Indigenous tourism is growing in BC! What is Indigenous tourism? It is tourism businesses that are majority owned, operated and/or controlled by First Nations, Metis, or Inuit people. Indigenous tourism demonstrates connection and responsibility to local Indigenous communities.
In Canada June is National Indigenous History Month and June 21st is National Indigenous Peoples Day. 2021 was eye opening for many Canadians, who may not have known our country’s history with our Indigenous Peoples.
While National Indigenous History Month and National Indigenous Peoples Day should be a celebration of culture, people, and community, it should also be a time for reflection, remorse, and most importantly, education. We are very lucky that many of our communities have resources and experiences available to learn about our many unique Indigenous communities. In fact, we’ve gathered some of them here for your convenience! Here is a list of Indigenous tourism opportunities and experiences in Prestige communities.
The Thompson Okanagan:
Okanagan Heritage Museum – The Okanagan Heritage Museum in Kelowna has a permanent collection that showcases Indigenous history and culture. Step into the word of the syilx/Okanagan people and gain insight into their close connection to the land.
Moccasin Trails – You and your guide will learn together while you journey through the land! Tours are available in West Kelowna (on land) and Kamloops (they offer a walking tour as well as a canoe tour!).
Indigenous World Winery – BC’s only 100% Indigenous-owned winery is located in West Kelowna! Experience world-class VQA wines while taking in some beautiful Okanagan Lake views.
Kekuli Café – Don’t panic… they have Bannock! Experience the welcoming feel and enjoy a good cup of coffee, fresh food and Bannock! With locations in West Kelowna, Merritt, and soon Kamloops!
K’nmaĺka Sәnqâĺten (Kalamalka Garden) – Overlooking beautiful Kalamalka Lake in Vernon BC, Kalamaka Garden showcases traditional Syilx plants, medicine, foods, C’aptikwl, and ceremony through inclusive community tours and experiential learning.
Kamloops Indigenous Peoples Day Celebration – Join us on June 21st at the Tk̓emlúps Powwow Arbour for an evening of family fun! The event will have activities, food, vendors, artisans, and Indigenous hypnotist Scott Ward.
Kamloopa Powwow – The Kamloops Powwow Society will be hosting the annual Kamloopa Powwow on July 29-31. The Kamloopa Powwow is one of the largest celebrations of First Nations’ culture and heritage in Western Canada.
Ktunaxa Interpretive Centre (9.4 km from Cranbrook) – Operated by the Ktunaxa Nation Council, the Interpretive Centre is where the Ktunaxa people come together to share heritage, mythology, and culture.
Touchstones Nelson Museum of Art and History – The Nelson Museum has a permanent exhibition called First People, First Culture, First Land: an introduction to the Sinixt and Ktunaxa nations, cultures and perspectives.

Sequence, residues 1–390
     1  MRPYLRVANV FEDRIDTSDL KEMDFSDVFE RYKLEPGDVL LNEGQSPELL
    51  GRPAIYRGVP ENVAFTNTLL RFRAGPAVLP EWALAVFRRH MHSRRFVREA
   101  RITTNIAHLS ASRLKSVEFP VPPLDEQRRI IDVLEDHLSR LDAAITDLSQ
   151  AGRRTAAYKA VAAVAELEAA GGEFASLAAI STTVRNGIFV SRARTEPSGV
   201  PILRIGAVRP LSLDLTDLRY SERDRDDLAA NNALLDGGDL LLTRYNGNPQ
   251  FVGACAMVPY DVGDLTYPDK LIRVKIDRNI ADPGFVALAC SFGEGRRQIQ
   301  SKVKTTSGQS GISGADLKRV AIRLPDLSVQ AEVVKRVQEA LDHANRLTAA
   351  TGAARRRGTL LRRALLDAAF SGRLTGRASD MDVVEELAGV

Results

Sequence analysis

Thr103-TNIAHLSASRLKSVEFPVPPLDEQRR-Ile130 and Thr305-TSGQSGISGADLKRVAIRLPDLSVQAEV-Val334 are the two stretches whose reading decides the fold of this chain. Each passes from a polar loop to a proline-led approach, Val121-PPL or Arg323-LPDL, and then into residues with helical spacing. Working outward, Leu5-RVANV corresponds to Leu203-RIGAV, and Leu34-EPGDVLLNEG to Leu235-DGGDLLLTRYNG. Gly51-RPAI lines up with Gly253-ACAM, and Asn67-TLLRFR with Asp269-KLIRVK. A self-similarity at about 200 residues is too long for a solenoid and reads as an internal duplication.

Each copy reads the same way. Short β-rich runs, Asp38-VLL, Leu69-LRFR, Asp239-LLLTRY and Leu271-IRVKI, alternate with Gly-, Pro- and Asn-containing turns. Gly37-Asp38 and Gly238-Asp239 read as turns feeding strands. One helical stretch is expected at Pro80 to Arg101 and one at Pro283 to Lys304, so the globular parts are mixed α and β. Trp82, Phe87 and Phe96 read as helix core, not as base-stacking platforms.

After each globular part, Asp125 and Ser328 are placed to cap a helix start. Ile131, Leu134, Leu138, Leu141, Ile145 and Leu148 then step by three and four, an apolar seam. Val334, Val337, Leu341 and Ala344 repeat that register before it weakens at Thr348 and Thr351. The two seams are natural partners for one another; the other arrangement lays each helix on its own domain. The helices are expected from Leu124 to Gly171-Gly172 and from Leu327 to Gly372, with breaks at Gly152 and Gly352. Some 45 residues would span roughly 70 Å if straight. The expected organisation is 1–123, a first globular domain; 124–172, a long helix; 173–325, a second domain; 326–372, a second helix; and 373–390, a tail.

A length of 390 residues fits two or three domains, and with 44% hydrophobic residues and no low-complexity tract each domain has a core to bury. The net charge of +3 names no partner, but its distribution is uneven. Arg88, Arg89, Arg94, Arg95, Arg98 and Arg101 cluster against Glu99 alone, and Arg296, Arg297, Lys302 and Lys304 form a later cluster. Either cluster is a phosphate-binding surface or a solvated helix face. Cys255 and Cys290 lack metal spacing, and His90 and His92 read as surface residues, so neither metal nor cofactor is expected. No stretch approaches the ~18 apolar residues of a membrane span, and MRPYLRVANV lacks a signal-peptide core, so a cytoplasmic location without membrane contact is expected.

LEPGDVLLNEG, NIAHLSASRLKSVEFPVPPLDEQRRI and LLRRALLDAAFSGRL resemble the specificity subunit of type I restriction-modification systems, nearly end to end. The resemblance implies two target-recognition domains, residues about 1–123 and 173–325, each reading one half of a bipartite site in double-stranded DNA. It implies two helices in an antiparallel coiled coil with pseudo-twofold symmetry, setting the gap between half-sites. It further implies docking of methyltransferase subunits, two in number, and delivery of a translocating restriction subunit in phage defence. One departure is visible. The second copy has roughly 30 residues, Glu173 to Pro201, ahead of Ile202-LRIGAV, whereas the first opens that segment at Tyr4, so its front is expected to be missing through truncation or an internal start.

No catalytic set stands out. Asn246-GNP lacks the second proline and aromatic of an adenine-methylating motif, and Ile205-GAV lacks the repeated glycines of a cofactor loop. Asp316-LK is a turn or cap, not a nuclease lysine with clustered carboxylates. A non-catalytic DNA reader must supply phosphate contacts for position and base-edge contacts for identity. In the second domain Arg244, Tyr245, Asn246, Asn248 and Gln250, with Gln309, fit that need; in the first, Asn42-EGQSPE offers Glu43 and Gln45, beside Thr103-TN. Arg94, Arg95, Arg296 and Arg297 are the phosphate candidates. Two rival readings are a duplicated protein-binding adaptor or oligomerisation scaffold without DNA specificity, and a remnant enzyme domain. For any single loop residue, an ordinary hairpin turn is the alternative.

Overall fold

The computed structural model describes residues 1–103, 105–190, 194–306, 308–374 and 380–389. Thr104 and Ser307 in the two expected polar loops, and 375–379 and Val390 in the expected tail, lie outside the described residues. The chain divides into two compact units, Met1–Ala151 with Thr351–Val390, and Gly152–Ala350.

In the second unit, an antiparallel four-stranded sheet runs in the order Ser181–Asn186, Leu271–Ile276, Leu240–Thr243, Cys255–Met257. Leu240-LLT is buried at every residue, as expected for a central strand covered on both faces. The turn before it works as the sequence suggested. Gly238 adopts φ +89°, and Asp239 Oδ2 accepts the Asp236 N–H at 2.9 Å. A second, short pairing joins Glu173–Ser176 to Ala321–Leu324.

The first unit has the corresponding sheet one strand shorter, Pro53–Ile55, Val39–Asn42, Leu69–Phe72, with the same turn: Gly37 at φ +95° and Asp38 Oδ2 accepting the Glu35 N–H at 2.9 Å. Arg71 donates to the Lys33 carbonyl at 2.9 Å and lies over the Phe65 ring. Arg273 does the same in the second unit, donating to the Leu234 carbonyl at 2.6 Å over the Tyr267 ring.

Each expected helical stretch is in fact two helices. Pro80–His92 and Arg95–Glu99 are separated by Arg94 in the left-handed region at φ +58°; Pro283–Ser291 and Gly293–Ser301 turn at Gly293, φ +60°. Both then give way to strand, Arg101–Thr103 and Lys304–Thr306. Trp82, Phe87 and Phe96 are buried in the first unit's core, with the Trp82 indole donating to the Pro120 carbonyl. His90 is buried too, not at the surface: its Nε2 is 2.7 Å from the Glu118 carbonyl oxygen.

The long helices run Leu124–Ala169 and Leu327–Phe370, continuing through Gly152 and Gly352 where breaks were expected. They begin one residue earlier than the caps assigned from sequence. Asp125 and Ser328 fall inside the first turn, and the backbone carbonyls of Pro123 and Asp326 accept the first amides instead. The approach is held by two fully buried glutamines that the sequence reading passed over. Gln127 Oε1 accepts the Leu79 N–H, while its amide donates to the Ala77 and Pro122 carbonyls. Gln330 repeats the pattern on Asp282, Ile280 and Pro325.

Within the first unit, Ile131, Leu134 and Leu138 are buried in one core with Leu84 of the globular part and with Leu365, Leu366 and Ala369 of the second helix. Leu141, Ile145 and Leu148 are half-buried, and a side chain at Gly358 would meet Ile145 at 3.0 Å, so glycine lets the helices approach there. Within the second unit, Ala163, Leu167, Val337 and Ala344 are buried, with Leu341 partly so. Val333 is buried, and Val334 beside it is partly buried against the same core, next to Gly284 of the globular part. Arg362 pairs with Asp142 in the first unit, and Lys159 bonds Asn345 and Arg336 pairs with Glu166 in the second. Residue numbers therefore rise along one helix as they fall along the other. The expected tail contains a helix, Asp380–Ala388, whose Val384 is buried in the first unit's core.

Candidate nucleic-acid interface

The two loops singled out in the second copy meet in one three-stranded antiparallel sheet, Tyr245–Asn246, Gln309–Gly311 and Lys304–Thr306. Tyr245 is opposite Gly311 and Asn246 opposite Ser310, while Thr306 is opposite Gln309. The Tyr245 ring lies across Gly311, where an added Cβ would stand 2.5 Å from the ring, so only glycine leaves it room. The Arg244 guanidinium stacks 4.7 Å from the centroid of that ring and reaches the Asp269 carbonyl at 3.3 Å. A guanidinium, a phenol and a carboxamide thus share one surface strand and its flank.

Ainsworth Hot Springs (48 km from Nelson) – Owned by the Lower Kootenay Band of Creston, the hot springs have long been special to the Ktuanaxa and are utilized as a place for healing.
Rossland Museum – On June 21st you are invited to stop by the Rossland Museum and check out a new traditional names map created by the Autonomous Sinixt!
National Indigenous Peoples Day 2022 (40 km from Sooke) – Come to Royal Roads University on June 21st and partake in Victoria’s National Indigenous Peoples Day celebration. With a canoe challenge, Indigenous artists and musicians, field games, guided nature walks, and food trucks, there really is something for everyone.
Royal BC Museum (40 km from Sooke) – Thunderbird Park at the Royal BC Museum has an incredible display of totem poles.
The Royal BC Museum is also home to the Native Plant Garden. Many of these trees, shrubs, and herbaceous species were widely used by First Nations of the region.
Museum of Northern BC – The Museum of Northern BC, in Prince Rupert has permanent exhibitions and art galleries that show case Indigenous history and work.
Widzin Kwah Diyik Be Yikh (Widzin Kwah Canyon House Museum) (32 km from Smithers) – Open to the public May – Sept, 9 am – 5pm. Through the stories, photographs, writings, artifacts, and recently excavated stone tools, you’ll see the development of the Witsuwit’en people.
The Museum is just up the stairs from Widzin Kwah Canyon where you can see traditional fishermen in action!
National Indigenous People’s Day in Prince George – The Lheidli T’enneh First Nation will be hosting a National Indigenous People’s Day celebration once again! It will feature drumming, singing, Elders stories, displays, kids activities, and food!
Unable to attend any in person opportunities? There are plenty of online resource available too! The Canadian Government has a collection of free online courses you can find here. There is also an Indigenous Canada course offered for free online by the University of Alberta. You can find a list of Indigenous books here.
We hope everyone takes the time this month to learn something new!